Out of his mouth 

All hopeful proposals

And bouncy grins

 

Unfortunately

 

They froze before they hit the ground

Solidified by the critical stares

Of his eye cocking recipients

 

They shattered  

Launching splinters of

T’s

                                       H’s

                                                                          and W’s

                                                                                                     Into his innocent eyes

 

“I think

I hope

I wish“

 

His soul convulsed as they made

Impact with the unforgiving concrete

 

One shard of expression

Found its way

Directly into the darkness

Of the pupil

 

And maneuvered a path

Into his veins

Sending fatalism and apathy

Seeping into his bloodstream

 

The virus of death had been triggered

Awakened was the dormant code

Seemingly

Powerless until acknowledged

 

All at once

His chest became cold

And his mouth downturned

 

One eyebrow twitched upward

And his feet made a pivot

 

The assembly line shifted forward

And he thought to himself

“Who is this grinning fool standing in front of me?”

 

 

~LDA

That Familiar Crack

I don’t know why I even hesitate to pick up a pen or set my fingers upon a keyboard.

I never regret it when I’m finished.  Even if what I’ve written is total crap, there’s satisfaction in having put words on a page.  A certain kind of alignment of the spirit in having successfully transformed the firing of neurons in my brain into something someone else can read.  There’s a thrill in the possibility of setting off fireworks in someone else’s brain.  Even if in the end what I’ve written is so terrible and unworthy of reading that I want to burn it, bury it and have a cow poop on it just so no one ever gets their hands on it, I’m still happy to have sat down and written.

And still.

There is always this arresting hesitation born of angst that takes hold when I’m about to sit down and write.  Like if I pick up this pen the world might be set on fire, but not in a good way.  Or if I click that first letter on the keyboard I might never be able to stop.  Which in my opinion is not a bad way to die.  In fact, it would be sort of awesome to be able to say I died whilst on a literary tirade, but also kind of a stumbling block to the other goals in my life if I died so prematurely.  So there’s this hesitation to begin writing.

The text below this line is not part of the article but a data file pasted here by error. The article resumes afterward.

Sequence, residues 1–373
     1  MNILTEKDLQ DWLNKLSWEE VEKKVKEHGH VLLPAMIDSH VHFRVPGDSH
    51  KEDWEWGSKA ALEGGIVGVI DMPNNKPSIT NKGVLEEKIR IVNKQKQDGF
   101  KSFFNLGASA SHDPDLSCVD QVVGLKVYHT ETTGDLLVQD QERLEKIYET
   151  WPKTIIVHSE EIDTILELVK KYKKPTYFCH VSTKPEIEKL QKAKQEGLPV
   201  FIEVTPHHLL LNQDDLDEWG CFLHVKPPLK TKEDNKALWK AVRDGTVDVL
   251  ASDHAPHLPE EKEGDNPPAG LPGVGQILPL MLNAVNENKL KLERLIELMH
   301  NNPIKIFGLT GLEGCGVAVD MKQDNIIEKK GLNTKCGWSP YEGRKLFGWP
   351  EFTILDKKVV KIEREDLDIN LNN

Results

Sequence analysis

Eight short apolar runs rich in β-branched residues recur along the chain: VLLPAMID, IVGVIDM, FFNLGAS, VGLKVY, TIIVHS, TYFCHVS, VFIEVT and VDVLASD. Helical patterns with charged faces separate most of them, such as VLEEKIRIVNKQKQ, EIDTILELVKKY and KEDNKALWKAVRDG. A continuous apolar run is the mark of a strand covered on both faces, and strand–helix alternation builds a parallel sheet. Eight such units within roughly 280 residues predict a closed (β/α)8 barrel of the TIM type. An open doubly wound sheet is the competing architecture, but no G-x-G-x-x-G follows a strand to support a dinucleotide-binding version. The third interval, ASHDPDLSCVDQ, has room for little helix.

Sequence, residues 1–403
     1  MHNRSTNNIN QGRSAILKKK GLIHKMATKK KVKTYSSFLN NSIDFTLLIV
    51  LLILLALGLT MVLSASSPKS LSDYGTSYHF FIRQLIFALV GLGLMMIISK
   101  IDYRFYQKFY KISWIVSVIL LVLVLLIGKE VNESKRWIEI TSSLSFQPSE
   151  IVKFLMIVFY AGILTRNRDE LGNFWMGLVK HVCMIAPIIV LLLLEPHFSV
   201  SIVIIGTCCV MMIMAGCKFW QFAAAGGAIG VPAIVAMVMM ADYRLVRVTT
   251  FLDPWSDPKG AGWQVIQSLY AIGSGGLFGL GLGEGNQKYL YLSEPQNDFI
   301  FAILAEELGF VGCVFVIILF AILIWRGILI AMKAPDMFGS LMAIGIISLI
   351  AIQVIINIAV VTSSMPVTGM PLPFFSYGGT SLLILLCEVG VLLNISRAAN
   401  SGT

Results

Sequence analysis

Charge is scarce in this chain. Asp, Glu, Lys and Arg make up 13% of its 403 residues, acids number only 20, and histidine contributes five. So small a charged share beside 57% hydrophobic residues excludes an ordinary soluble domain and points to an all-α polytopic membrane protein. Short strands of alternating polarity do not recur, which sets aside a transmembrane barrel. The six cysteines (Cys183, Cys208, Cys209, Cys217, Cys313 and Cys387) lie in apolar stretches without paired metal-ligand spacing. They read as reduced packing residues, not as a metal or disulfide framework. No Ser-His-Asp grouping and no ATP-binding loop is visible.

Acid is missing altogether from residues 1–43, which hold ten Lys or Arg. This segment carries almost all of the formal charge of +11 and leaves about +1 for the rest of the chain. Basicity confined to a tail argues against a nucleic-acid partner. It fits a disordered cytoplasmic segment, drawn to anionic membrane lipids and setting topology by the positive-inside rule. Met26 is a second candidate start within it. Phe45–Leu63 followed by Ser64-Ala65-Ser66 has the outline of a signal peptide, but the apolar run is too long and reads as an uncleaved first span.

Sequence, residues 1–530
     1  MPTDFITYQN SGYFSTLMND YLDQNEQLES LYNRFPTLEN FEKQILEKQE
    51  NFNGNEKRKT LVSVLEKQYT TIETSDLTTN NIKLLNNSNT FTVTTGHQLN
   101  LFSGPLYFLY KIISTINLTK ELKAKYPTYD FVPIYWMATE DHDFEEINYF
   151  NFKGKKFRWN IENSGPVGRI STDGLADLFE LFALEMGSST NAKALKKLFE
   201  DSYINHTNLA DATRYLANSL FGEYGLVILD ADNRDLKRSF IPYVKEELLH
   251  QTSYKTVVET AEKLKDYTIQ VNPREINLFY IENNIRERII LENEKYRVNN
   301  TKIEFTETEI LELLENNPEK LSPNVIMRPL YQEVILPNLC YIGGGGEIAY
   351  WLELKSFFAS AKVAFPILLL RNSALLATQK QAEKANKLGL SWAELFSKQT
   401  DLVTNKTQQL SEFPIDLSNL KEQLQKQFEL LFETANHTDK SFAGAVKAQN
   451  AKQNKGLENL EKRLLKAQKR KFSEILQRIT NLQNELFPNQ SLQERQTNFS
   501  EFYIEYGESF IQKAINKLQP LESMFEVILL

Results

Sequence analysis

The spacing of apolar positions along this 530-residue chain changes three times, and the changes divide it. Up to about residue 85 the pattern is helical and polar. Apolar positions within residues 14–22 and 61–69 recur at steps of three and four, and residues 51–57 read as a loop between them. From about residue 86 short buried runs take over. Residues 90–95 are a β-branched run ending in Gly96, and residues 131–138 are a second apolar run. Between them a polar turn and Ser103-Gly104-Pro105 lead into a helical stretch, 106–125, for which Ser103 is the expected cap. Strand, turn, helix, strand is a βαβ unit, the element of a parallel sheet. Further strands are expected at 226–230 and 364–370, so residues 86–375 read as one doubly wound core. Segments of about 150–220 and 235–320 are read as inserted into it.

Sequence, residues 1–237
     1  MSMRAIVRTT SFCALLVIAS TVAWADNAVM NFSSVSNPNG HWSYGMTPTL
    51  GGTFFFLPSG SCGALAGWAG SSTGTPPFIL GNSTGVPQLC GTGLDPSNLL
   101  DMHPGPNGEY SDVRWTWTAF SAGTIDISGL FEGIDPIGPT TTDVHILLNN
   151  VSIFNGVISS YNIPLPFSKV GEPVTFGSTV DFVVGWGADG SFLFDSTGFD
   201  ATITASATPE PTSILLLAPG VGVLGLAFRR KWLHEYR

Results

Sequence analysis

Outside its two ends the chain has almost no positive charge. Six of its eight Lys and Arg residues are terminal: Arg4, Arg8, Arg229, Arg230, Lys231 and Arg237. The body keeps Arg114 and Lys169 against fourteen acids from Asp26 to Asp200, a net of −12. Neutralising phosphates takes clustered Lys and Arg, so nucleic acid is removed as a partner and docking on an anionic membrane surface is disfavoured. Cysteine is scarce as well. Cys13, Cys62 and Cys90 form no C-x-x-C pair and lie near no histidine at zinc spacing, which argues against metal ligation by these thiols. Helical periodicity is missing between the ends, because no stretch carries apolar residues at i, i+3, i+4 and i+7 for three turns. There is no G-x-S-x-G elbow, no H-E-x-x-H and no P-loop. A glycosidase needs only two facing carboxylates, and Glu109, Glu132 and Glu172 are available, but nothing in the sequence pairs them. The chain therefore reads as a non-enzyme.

Of course,

I do it anyway.

On good days.

On you’re going to sit your butt in this chair and write even if it is literally the last thing you do, days.  On the world is a mystical place and you have to hurry up and get it down on paper, days.  On the you’ve set this deadline for yourself and you’re going to meet it or you basically deserve to be dead, days.  Notice how those days that smell like death came twice.  They come a lot more often than the mystical ones.

But still, I write.

Once, I thought I could let the angst win out and watch my writing life evaporate on the pavement in front of me, like so much catapulted saliva.  Slowly it swirled into the sky.  I watched it with both eager anticipation and terror.  Was this really happening?  Was it working?  Is all it takes some patient laziness?  My small pond became a puddle, and it soon was small enough to fit in the palm of one hand.

Then,

it was gone.

Or so I thought.

I turned around and began walking away, ready to throw a party or surrender myself to the nearest volcano.  To this day I don’t know which.  Maybe both.  In any case, something made me stop, turn around, and stoop real close to the ground.  There on the pavement was a crack.  And from that crack trembled a solitary drop of moisture, stubborn and hopeful.  I crouched there squinting at it for a long time.  Days, weeks, months.  I was watching to see if it too would eventually join it’s brothers in the unforgiving sky, but it didn’t.

Or it wouldn’t.

I’m not sure which of these either.

All I know is that no matter how long I stared at it, that droplet did not fade away.  And it was then that I knew in my gut that no matter how I long I watched, it would never go away.  There was something deep beneath the ground ensuring its existence.  Something annoying, and sure ,and as stubborn as me.  It let me know that there was no amount of running or hiding or overwhelming ray of angst that would burn that droplet away.

Ever since then, I pick up the pen and set my fingers on the keyboard because I have to.  Or at least I might as well.  Anytime I get too anxious about what I’m doing with this writing thing or why, I just squint down at that familiar crack.  Even if it’s too deep down at the bottom of the spring for me to see.

~LDA